** A new article on knuckleballs was added in May 2013 **
The following material has been expanded considerably into a 324 page book “Physics of baseball and softball” published by Springer in March 2011.
Alan Nathan has the world's best Physics of Baseball site at http://go.illinois.edu/physicsofbaseball
Another very interesting Physics of Baseball and Softball site is maintained by Dan Russell at http://www.kettering.edu/~drussell
Lloyd Smith at Washington State University has an excellent site on the physics and engineering of softball, at http://www.mme.wsu.edu/~ssl , including information on how bats and balls are tested and certified for use in the USA.
James Sherwood has a similar site http://m-5.eng.uml.edu/umlbrc describing test procedures used to certify baseball bats and balls at the University of Massachusetts – Lowell.
1. The sweet spot
Batters know from experience that there is a sweet spot on the bat, about 17 cm from the end of the barrel, where the shock of the impact, felt by the hands, is reduced to such an extent that the batter is almost unaware of the collision. At other impact points, the impact is usually felt as a sting or jarring of the hands and forearm, particularly if the impact occurs at a point well removed from the sweet spot.
The sweet spot of a bat exists because bat vibrations are not excited significantly at that spot. The spot is close to the centre of percussion (COP) for a freely supported bat, so it was thought at one time that the sweet spot might be associated with the COP. However, the COP shifts a long way toward the handle when a batter holds the handle, and plays only a minor role in the feel of the bat for an impact at the sweet spot.
These spots are also described in the physics of tennis page. A bat is similar to a racquet but there are some obvious differences. For a tennis racquet only the fundamental mode of vibration is excited by the impact since the impact duration, about 5 msec, is too long to excite higher frequency modes of the racquet. The impact on a baseball bat is shorter (since the bat and ball are harder or stiffer), about 1 msec. As a result, the fundamental and second vibration modes are both excited with about the same amplitude. These modes are shown in the diagram above. Hence, there are two vibration nodes in the barrel. An impact at the fundamental node will not excite that mode, but it will excite the second mode. Similarly, an impact at the node of the second mode will not excite the second mode but it will excite the fundamental mode.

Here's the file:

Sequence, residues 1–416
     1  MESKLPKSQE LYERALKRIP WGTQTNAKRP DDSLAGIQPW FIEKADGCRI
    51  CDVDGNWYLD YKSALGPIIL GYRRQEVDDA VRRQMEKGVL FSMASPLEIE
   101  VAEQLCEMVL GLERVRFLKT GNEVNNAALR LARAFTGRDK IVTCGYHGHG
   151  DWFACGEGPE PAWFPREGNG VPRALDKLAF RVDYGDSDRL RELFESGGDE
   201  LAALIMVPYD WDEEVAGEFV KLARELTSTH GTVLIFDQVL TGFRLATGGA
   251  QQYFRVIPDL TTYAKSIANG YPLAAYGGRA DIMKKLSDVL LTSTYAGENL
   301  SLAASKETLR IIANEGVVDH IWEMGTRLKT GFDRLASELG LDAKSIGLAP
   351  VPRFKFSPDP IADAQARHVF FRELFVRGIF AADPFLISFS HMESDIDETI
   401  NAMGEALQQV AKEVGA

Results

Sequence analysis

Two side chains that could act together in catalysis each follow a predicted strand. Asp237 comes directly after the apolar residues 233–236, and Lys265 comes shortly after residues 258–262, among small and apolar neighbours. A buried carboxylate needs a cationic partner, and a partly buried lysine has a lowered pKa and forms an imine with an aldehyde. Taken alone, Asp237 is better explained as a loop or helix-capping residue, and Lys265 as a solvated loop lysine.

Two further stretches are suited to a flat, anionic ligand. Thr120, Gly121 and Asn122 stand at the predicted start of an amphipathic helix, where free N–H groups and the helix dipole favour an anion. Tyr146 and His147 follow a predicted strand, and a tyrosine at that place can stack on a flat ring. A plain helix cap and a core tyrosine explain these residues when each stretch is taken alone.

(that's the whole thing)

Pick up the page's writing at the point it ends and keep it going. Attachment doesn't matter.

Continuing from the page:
Most people find that an impact between the nodes of the first two modes (node1 and node2 in the diagram) feels best since both modes are then excited only weakly.
For further details, see American Journal of Physics, September 1998 and also American Journal of Physics, 69, 231-232 (2001). The effect of the hands on the centre of percussion is described in American Journal of Physics, 72, 622-630 (2004). Both papers can be downloaded here and here.
2. A Physics of Baseball Project
The experiment described below would be an ideal project on the physics of baseball, for any high school or University physics student. There is enough physics in it to keep a PhD student busy for a few years, but it could also be done by any high school student as a simple introduction to the physics of baseball. The experiment can be done at low bat and ball speeds since the essential physics of the problem does not depend on the actual bat and ball speeds. Rather, the physics depends more on the ratio of the bat and ball speeds, regardless of whether the actual speeds are around 1 mph or 100 mph. Some of the numbers change with actual speed, but the physics doesn’t change. It is not quantum physics or relativity, but a very interesting problem involving the mechanics of colliding objects.
The idea is to mount a bat as a pendulum and strike it with a ball at various spots along the barrel. One question that can be answered this way is "Where on the bat does the ball bounce best?" In theory, the ball bounces best for an impact at the center of mass of the bat, provided we can ignore bat vibrations. But the bat vibrates strongly for impacts near the tip of the bat and near its center of mass. Energy is lost during the collision if the bat vibrates. As a result, the bounce is relatively weak at the tip and near the center of mass.
If the ball is also mounted as a pendulum, the experiment can also be performed in reverse, by swinging the bat at a stationary ball. We can then ask a similar question. Where on the bat is the ball struck with the greatest speed? A first guess would be at the tip of the bat since the tip travels the fastest. But strong vibrations are generated for impacts near the tip. Furthermore, the tip is the lightest and least effective part of the bat.
By combining the results of these two separate experiments, we can then work out what happens when a bat is swung at an incoming ball. The outgoing speed of the ball is just the sum of the two separate parts - the speed when the bat is at rest plus the speed when the ball is at rest.